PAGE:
Representation of Women

MS1 - Media Representation

Q) With reference to your own detailed examples, explore representations of women in the media today (16).
A) A 'representation' can be broken down into 're-presentation' which means to show a constructed view of reality. Media can be described as a representation of factors such as age, gender, political or social issues (e.g.; homosexuality, substance abuse, etc), national and international events and national/regional identity. Whilst some representations confront both sides of a factor, other representations are one-sided. It is this type of representation that causes the most controversy and criticism from the global audience.
One factor of representation that receives criticism for being one-sided is the representation of women in the media. The creation of new communicative technology has caused a significant increase in media texts portraying women as sexual objects. This is sometimes called 'sexual objectification'. There are also media texts, particularly adverts, that campaign for the removal of this general perception of women and the awareness of the importance of gender equality.
Some media texts purposely sexualise women for the 'male gaze' (male gaze being a persuasive technique used by the media that specifically targets the male audience through exploiting a woman sexually). An example of an text that is a heavily sexualised representation of women is the marketing trailer for the game Leisure Suit Larry: Magna Cum Laude which was released in 2004. The trailer begins with a crowd of college students standing outside the campus, waiting for the arrival of the game's protagonist Larry Lovage. Amongst the crowd are women who we learn Larry is not attracted to. These women appear 'normal' and quite boring: they are flat-chested, their mannerisms are masculine and they are all wearing the same coordinated outfit of a plain t-shirt and a pair of trousers. This has been done to show that not every girl in this game is beautiful and not important to the game's plot. This makes the female audience feel quite insulted because the text has created this false perception that girls are only going to grab a person's attention if they are stunnning when, in fact, these 'plain' women could actually be the nicest.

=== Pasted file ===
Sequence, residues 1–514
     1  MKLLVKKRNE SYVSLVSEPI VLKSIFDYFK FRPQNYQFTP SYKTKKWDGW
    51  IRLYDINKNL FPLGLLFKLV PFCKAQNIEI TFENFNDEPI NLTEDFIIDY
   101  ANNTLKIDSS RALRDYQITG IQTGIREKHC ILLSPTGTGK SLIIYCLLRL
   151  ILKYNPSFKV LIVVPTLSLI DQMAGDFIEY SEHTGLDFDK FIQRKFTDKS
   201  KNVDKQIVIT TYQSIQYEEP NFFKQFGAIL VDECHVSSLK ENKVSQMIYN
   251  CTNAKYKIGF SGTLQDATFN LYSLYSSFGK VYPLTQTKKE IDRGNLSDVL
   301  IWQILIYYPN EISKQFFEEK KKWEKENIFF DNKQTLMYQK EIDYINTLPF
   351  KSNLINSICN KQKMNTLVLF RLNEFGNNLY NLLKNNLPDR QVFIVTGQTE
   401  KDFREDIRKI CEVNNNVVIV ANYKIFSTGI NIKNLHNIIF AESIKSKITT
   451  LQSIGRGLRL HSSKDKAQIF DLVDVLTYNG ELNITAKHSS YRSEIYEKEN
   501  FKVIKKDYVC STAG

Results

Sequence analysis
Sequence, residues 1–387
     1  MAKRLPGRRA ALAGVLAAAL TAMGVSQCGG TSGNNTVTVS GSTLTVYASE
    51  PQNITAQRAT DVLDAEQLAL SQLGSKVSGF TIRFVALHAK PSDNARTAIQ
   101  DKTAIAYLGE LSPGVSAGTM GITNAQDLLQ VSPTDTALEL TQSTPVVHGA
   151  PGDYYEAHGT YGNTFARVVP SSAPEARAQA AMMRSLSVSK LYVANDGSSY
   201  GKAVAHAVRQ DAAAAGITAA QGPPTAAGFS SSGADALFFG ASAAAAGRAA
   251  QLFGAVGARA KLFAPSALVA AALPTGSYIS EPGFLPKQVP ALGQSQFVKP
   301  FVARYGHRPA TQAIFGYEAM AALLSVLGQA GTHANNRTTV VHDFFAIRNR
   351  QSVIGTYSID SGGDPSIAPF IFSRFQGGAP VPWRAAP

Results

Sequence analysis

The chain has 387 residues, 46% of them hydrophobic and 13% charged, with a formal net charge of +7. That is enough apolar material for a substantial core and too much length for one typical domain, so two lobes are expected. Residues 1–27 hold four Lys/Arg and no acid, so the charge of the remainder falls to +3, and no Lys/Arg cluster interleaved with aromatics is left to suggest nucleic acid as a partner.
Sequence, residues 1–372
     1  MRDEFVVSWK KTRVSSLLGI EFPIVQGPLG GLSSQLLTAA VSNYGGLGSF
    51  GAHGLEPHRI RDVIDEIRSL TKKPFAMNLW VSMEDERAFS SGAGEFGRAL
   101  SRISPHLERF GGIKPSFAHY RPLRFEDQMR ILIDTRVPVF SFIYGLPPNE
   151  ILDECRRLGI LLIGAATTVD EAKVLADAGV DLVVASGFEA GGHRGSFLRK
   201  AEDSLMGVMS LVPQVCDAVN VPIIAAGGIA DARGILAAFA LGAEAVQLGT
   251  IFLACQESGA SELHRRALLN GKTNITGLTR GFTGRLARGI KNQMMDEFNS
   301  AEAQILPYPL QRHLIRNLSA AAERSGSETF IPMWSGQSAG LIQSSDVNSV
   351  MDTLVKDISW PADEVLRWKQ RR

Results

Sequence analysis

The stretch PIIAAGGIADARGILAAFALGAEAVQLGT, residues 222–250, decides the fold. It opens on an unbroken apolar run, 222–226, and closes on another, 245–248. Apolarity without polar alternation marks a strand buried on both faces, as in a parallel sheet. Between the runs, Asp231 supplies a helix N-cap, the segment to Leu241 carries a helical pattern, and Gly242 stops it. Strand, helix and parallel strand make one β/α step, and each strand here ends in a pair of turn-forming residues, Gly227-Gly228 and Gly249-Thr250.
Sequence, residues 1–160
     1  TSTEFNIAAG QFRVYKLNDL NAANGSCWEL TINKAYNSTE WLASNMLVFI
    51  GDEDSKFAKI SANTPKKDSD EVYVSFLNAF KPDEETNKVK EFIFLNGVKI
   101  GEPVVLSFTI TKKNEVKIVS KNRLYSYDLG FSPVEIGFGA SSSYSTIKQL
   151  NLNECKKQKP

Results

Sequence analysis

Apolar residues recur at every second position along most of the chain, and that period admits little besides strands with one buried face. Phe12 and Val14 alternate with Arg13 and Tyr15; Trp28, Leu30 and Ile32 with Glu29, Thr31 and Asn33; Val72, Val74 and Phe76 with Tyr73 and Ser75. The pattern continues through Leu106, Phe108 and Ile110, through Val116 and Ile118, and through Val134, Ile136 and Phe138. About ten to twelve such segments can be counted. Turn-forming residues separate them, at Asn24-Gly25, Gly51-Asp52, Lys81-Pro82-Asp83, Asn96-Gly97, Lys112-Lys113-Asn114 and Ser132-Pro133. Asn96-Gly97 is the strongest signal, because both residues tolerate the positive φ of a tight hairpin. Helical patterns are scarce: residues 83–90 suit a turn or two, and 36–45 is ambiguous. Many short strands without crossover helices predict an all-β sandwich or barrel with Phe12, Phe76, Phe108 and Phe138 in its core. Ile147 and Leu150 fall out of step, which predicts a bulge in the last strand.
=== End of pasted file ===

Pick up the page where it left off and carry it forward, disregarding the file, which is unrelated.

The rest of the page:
The main storyline is about Larry Lovage, a sexually obsessed 'ladies man', who gets to choose which of the three most popular girls in his campus he would like to have sex with. This storyline represents women as second class and their only purpose is to please the man. This disgusts me - a member of a female audience - because this representation of women discards any aspirations of a sustainable future, such as a successful career or being able to settle down, that they have and, instead, replaces it with this idea that we want to sleep with men. This also makes me wonder if women, who actually dream of pursuing a life like those in this text, actually have respect for themselves.
The three main women, who are competing against each other to try and win Larry's 'love', are the archetypes of female sexualisation: their womanhood has been overexaggerated, their skimpy choice of outfits exploits their toned chests to everyone else, they are plastered in make-up and they are incredibly ditsy and coy towards Larry. This represents women as only being attractive to men if they have the 'perfect' figure. This makes curvacious girls feel even more self-conscious about their own figures and would feel pressured to lose weight in order to have a happy love life. This will also make mothers of the boys buying this game feel weary because they would be worried that the boys may admire the main protagonist to such an extent where they will actually copy his behaviour towards women and they may ignore or disassociate themselves from girls their age who are not size 6 or size 8 because 'Larry did not bother with them'.
At one point in the trailer, Larry suggests to a woman in underwear that they should have sex in a public area. Her response is a casual but upbeat, 'Oh ok'. This represents women as being people who lack the self-conscience to care about respecting themselves when it comes to fulfilling their love life. This not only insults women but it could also offend female victims of sexual abuse because they did not have a choice when they were attacked outside for the public to potentially witness the assault and to see that these women have a relaxed attitude towards prosmicuity may horrify them.